Use this paper as an opportunity to do work that intersects with your interests and professional goals. Possibilities include: a detailed proposal for a future research project (ie: Thesis in comp theory, etc); a reception history of a key term or author in composition studies; an essay proposing a new theory of composition or integrating previous theories; a critical review of competing theories of an area of composition that situates your own position as teacher/scholar; a literature review that examines in detail a specific topic or problem in composition studies; a conference worthy paper on an issue in the teaching of writing.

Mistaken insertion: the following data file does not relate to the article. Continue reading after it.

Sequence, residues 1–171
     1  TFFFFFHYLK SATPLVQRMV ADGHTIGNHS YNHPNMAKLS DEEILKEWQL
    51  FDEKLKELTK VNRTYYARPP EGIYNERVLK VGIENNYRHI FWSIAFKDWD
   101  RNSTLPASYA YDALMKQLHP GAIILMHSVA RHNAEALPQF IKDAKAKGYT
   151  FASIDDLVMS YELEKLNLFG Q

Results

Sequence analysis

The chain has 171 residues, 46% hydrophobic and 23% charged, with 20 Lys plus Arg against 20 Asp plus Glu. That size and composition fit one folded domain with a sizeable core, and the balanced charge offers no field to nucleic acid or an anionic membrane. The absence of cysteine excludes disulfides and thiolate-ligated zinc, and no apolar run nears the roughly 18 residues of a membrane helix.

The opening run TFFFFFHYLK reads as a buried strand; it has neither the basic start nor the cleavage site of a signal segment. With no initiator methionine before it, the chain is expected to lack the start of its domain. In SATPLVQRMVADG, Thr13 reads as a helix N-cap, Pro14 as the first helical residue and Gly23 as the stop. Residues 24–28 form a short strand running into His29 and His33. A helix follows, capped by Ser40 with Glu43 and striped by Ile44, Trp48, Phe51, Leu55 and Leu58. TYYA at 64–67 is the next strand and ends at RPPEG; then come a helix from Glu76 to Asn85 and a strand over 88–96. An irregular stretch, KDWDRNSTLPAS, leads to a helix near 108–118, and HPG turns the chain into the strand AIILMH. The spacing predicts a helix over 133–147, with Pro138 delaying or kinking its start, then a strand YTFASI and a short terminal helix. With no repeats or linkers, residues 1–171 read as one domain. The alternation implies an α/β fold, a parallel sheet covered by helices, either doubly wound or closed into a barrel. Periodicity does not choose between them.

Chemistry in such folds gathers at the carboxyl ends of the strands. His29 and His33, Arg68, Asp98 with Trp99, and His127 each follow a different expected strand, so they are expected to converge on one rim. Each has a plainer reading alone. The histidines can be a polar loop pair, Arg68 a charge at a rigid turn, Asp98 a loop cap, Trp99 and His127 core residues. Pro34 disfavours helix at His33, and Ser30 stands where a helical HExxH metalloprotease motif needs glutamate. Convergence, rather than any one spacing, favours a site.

My suggestion for any lengthy paper -- especially at the proposal stage -- is to begin with a single research question. In this case, the ENG 501 students might begin with broad questions that explore the intersections between classical rhetorical theories/contributions to writing and the more modern issues of composition theories/theorists. In this class, and in order to lead up to the final research project, each student is presenting a 40-minute lecture (with an interactive activity for the class!) on a major rhetorical figure -- we began with Vico and will work our way down to Burke and Booth -- paired with a modern composition theorist. We've already discussed Linda Flowers, Stanley Fish, Wendy Bishop, Lester Faigley, Ilona Leki, and Nancy Sommers. I was excited to hear at least two wonderful paper possibilities emerge from last night's presentations alone. From an argument that seeks to prove Mary Astell's feminist impact on Jane Austen's more traditional fiction to the canon of style and its importance when teaching ELL students -- ideas ran the gamut. In fact, even in the shorter midterm oral presentations last week, I heard paper possibilities emerge (harnessing the power of web 2.0 for classroom practice, for example). Yes, this is good stuff!